Truths cannot contradict each other

In 1270 he composed a treatise called “On There Being Only One Intellect”, which is really a polemic against this position. In this conflict, we see Aquinas’s typical method and habit of mind. On the one hand, we have new knowledge; on the other hand, we have Christian teaching. If both are true, and it seems that both are true, and if it seems that there is a contradiction, then it must be that there is a misunderstanding somewhere, and then we have to go back to the problem, and work it through again–as he did on the question of whether Aristotle believed in the individual soul. There is common sense at work here–it’s just a commonplace of everyday life that two truths cannot contradict each other; if they could, then we simply couldn’t function. What Aquinas did was to bring that commonsense intuition to bear on his work in philosophy, and patiently and diligently work out an authentic solution. We see that everywhere in his work: he has an ability to see that even the most abstract problem relates in some way to human experience, and he brings the commonsense intuition by which we work our way through the world in the most basic and practical way imaginable to bear on the most abstract of problems. Siger’s double- truth theory leaves the problem at the purely abstract level because he has not thought through the implications of willingly accepting a contradiction, but Aquinas has.

We live in an age in which theoretical knowledge of all kinds has increased exponentially, but has not been well integrated into our world-view–we have simultaneously great knowledge and great confusion, and this feeds into the culture of relativism about which Pope Benedict has spoken–that view that there is no absolute truth , but only truths relative to me. Thomas acknowledges that there are individual truths in individual minds, but that ultimately all are true by the one truth–in other words, that unless truth is unified, we cannot really talk about truth at all, but only about a series of illusions projected by our own minds on the chaos of impressions we receive through the senses, and actually the Scottish empiricist David Hume does say something very like this. How would one prove Hume wrong? On one level we cannot do so, because our sense impressions are absolutely primary: how would you demonstrate, logically, that you were having an experience? You can’t. However, we know that the world just doesn’t work like that–we communicate, we share impressions, and so on. I know that I only know a certain amount, but I also know that the things I don’t know relate to what I do know, and that if I learn something new, which contradicts something I thought I knew, than I have a problem that I have to resolve.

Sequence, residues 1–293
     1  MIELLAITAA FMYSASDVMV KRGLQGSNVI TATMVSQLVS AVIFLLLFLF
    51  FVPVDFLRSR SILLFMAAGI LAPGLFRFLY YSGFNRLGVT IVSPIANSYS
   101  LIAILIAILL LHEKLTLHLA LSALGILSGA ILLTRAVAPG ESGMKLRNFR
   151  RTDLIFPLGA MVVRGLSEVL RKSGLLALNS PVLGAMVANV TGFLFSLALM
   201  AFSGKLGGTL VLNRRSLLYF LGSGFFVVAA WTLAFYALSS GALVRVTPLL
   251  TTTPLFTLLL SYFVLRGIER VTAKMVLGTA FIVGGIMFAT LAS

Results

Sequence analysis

Faith must permeate all life